The golf ball of the invention preferably has a distortion of 2.0 to 6.0 mm, especially 2.2 to 5.5 mm under a load of 100 kg.
The center core may be formed of any desired material by any desired method. Any of well-known materials may be used for the core insofar as a golf ball with desirable properties is obtained.
More particularly, the center core of the solid golf ball according to the invention is formed by a conventional technique while properly adjusting vulcanizing conditions and formulation. Usually the core is formed of a composition comprising a base rubber, a crosslinking agent, a co-crosslinking agent, and an inert filler. As mentioned previously, the base rubber may be selected from natural rubber and synthetic rubbers with the preferred base rubber being 1,4-polybutadiene having at least 40% of cis-structure. The crosslinking agent is typically selected from organic peroxides such as dicumyl peroxide and di-t-butyl peroxide, especially dicumyl peroxide. About 0.5 to 1.0 part by weight of the crosslinking agent is blended with 100 parts by weight of the base rubber. The co-crosslinking agent is typically selected from metal salts of unsaturated fatty acids, inter alia, zinc and magnesium salts of unsaturated fatty acids having 3 to 8 carbon atoms (e.g., acrylic acid and methacrylic acid) though not limited thereto. Zinc acrylate is especially preferred. About 10 to 50 parts by weight, preferably about 20 to 48 parts by weight of the co-crosslinking agent is blended with 100 parts by weight of the base rubber. Examples of the inert filler include zinc oxide, barium sulfate, silica, calcium carbonate, and zinc carbonate, with zinc oxide and barium sulfate being often used. The amount of the filler blended is preferably 10 to about 30 parts by weight per 100 parts by weight of the base rubber although the amount largely varies with the specific gravity of the core and cover, the weight of the ball, and other factors. In the practice of the invention, the amount of the filler (typically zinc oxide and barium sulfate) is properly selected so as to provide the desired hardness to the center core.
A core-forming composition is prepared by kneading the above-mentioned components in a conventional mixer such as a Banbury mixer and roll mill, and it is compression or injection molded in a core mold. The molding is then cured by heating at a sufficient temperature for the crosslinking agent and co-crosslinking agent to function (for example, a temperature of about 130° to 170° C. for a combination of dicumyl peroxide as the crosslinking agent and zinc acrylate as the co-crosslinking agent), obtaining a center core.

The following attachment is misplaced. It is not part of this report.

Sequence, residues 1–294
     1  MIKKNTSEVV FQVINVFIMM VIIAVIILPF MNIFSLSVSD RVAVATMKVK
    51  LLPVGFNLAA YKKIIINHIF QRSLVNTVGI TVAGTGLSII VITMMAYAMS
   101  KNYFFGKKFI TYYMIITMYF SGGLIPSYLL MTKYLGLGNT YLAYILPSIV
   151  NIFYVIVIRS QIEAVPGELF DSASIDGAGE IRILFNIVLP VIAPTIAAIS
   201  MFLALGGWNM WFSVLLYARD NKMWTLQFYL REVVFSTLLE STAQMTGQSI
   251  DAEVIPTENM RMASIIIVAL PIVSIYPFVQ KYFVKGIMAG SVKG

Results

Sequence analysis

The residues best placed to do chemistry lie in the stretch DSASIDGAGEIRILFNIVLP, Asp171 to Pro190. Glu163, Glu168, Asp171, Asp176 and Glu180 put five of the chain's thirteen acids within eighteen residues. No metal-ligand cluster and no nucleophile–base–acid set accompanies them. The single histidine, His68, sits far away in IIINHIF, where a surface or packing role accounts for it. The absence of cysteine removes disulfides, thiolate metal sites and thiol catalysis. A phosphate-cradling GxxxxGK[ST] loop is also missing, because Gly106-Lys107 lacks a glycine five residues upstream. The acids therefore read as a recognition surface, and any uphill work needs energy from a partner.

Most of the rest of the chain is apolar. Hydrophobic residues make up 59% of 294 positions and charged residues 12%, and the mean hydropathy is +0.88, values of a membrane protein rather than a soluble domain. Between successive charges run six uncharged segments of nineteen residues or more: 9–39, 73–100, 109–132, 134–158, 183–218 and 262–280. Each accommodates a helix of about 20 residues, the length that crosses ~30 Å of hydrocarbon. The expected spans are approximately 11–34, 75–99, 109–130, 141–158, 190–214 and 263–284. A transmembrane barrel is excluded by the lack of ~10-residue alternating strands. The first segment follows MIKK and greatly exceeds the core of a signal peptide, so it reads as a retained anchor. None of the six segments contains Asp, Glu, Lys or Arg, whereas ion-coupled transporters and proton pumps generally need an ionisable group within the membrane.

The intermediate layer is formed from a composition based on a thermoplastic polyester elastomer as mentioned previously. It may be formed on the center core by compression molding or injection molding.
The cover is formed of a composition based on an ionomer resin, as mentioned previously. The cover composition may be molded over the intermediate layer by any desired method, for example, by surrounding the intermediate layer by a pair of preformed hemispherical cups followed by heat compression molding or by injection molding the cover composition over the intermediate layer.
Like conventional golf balls, the golf ball of the invention is formed with a multiplicity of dimples in the cover surface. The geometrical arrangement of dimples may be octahedral, icosahedral or the like while the dimple pattern may be selected from square, hexagon, pentagon, and triangle patterns.
The golf ball of the invention is prepared in accordance with the Rules of Golf, that is, to a diameter of at least 42.67 mm and a weight of not greater than 45.93 grams.
Examples of the present invention are given below by way of illustration and not by way of limitation.
Using a center core, intermediate layer, and cover having the composition shown in Table 1, three-piece solid golf balls (Examples 1-6, Comparative Examples 1-2) were prepared which had the parameters and test properties shown in Table 2. Note that a commercially available wound balata golf ball was used as Comparative Example 3.
The center core was prepared by kneading the respective components in a roll mill and pressure molding at 155° C. for 15 minutes. The intermediate layer was formed by injection molding so as to enclose the outer surface of the center core. She cover was formed around the intermediate layer by injection molding, completing the solid golf balls.
TABLE 1______________________________________ E1 E2 E3 E4 E5 E6 CE1 CE2______________________________________Center coreCis-1,4-poly- 100 100 100 100 100 100 100 100butadieneZinc acrylate 35 35 35 35 35 30 29 30Zinc oxide 5 5 5 5 5 5 5 5Antioxidant 0.2 0.2 0.2 0.2 0.2 0.2 0.2 0.2Dicumyl 0.9 0.9 0.9 0.9 0.9 0.9 0.9 0.9peroxideBarium sulfate 10.9 10.8 10.6 9.3 11.8 9.3 12.5 18.8IntermediatelayerHytrel 4047 100 100 100 -- -- 100 -- --Hytrel 4767 -- -- -- 100 -- -- -- --Hytrel -- -- -- -- 100 -- -- --G3548WHytrel 8122 -- -- -- -- -- -- 100 --Himilan 1605 -- -- -- -- -- -- -- 50Himilan 1706 -- -- -- -- -- -- -- 50CoverHimilan 1605 10 20 10 10 10 10 50 10Himilan 1706 50 50 50 50 50 50 50 50Surlyn 8120 40 30 -- 40 40 40 -- 40Surlyn 8320 -- -- 40 -- -- -- -- --______________________________________